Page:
Jetta Carleton's The Moonflower Vine was first published in 1962, two years after the publication of Harper Lee's To Kill a Mockingbird. The comparison is inevitable. Both are nostalgic novels of growing up in "simpler" and more God-fearing times, but which still presented a full range of moral complexities. Both novels are centered around good, honest, loving people. Both are rural Southern novels: one set in rural Alabama, the other in rural Missouri. Neither author published another novel. Both novels are American classics.

Matthew Soames, the father in The Moonflower Vine, stands on a much shorter pedestal than Atticus Finch. He's a farmer and school teacher, husband of Callie and father of four daughters. The novel begins in the voice of Mary Jo, the …

Worth Two Thousand Words

There's not much happening here lately, so I recommend you click on over to Penelopedia to see the two most stunning photographs I've seen on the local blogosphere.

Spaghetti and Meatballs

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This afternoon, while I listened to the mad psychologist on NPR describe how exciting he found torturing people, I made meatballs. It was easy to do. I started with a couple of pounds of Cedar Summit ground pork that I pulled from the freezer last Thursday. I mixed together the pork, a cup of bread crumbs (from leftover pane d'olio kept in the freezer), a couple of eggs, a couple of pressed garlic cloves, and some oregano, basil, salt and pepper. After I formed the mixture into balls, I browned them in olive oil, then threw them into a big pot with a large can of crushed tomatoes, another large can of diced tomatoes, some more oregano, another pressed garlic clove, and some salt. I let this simmer for a couple of hours, then served it with spaghetti.

Book Coverage

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Recent and forthcoming books by friends and family

On Northfield.org, I've started an occasional "Northfield Writers" series, featuring profiles and interviews with local writers. My first profile was of Shannon Tassava, one of whose essays will appear in the collection P.S.: What I Didn't Say: Unsent Letters to Our Female Friends (Seal Press), forthcoming in October. My latest (ghost-written) profile is of Tom Swift, whose first book, Chief Bender's Burden (2008), was honored last weekend with the Seymour Medal from the Society for American Baseball Research (SABR). Finally, although he's not a local author, I have to mention my brother-in-law Jason Mittell, whose book Television and American Culture was recently published by Oxford University Press. Jason is an associate professor of American Studies and Film and Media Culture at Middlebury College. He also has his own blog, JustTV.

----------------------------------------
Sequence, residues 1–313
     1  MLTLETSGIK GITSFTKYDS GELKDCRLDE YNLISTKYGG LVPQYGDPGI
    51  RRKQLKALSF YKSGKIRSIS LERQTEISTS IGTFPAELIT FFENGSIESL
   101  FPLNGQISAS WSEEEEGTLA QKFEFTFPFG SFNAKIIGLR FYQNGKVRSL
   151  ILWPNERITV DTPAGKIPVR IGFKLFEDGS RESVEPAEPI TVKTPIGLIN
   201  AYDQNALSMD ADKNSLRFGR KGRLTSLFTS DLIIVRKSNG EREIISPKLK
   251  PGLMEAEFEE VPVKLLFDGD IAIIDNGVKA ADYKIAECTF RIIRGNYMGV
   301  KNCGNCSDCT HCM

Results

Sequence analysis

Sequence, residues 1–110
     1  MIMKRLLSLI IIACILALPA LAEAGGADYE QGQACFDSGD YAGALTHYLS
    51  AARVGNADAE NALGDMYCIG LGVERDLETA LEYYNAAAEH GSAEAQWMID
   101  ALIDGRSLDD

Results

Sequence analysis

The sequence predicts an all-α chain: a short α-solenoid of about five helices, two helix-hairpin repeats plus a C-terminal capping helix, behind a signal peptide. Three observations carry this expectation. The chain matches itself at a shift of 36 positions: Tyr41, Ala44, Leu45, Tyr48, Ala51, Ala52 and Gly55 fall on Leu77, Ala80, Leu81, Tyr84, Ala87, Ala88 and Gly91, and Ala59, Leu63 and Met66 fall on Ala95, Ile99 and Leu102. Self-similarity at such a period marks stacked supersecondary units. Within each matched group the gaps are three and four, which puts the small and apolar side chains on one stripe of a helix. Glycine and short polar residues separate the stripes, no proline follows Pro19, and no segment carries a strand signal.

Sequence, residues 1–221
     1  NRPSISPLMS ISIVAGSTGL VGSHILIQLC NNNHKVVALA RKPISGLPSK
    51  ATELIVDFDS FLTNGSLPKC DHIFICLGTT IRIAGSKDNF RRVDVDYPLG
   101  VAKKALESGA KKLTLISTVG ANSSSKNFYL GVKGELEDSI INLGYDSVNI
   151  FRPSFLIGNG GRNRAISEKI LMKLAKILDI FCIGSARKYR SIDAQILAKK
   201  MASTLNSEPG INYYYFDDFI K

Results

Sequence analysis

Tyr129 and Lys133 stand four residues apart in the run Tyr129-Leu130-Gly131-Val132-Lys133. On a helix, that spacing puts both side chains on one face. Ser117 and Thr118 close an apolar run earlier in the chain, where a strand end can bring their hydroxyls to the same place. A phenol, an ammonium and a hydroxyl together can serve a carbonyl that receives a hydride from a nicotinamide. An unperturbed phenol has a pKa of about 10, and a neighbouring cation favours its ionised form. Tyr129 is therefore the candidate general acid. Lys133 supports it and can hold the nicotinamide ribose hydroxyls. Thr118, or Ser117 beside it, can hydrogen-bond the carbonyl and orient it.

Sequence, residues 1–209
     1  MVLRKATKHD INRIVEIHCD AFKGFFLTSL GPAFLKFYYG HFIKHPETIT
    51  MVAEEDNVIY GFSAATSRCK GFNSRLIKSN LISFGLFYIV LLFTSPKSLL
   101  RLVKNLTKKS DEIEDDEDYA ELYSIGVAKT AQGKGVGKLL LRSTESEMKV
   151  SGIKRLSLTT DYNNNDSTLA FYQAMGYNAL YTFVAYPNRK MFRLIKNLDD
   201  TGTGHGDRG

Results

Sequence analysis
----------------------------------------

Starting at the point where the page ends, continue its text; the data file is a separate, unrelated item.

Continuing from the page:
Spring Wildflowers in Big Woods State Park

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Marsh marigold (Caltha palustris)

Spring Beauty (Claytonia virginica)

Bloodroot (Sanguinaria canadensis)

Minnesota dwarf trout lily (Erytnronium propullans)
This flower is in the Federal endangered species list, and is found only in Rice, Goodhue, and Steele Counties.

Project 1929: "The Last September"

Elizabeth Bowen, The Last September. Penguin Modern Classic. Originally published in 1929.

September 1920. The War in Europe is over, but British troops have been dispatched to Ireland to act as an army of occupation to counter the revolutionary threat posed by the Irish Republican Army. Amid the mounting tensions, the threat of violence and reprisals, life goes on at its usual languid pace in the country homes of the Anglo-Irish nobility. There are tennis parties, visits, dances, and engagements. Elizabeth Bowen marvelously recreates the wistful atmosphere of a sheltered world about to be violently swept away. Her writing is sophisticated and occasionally difficult. Her sophisticated wit often reminded me of Tom Stoppard. Unfortunately, the characters in the novel never quite connect with each other, and I found it difficult to connect with the characters. One of my favorite lines in the novel comes as the inhabitants of the country house are waiting around to see off a gues…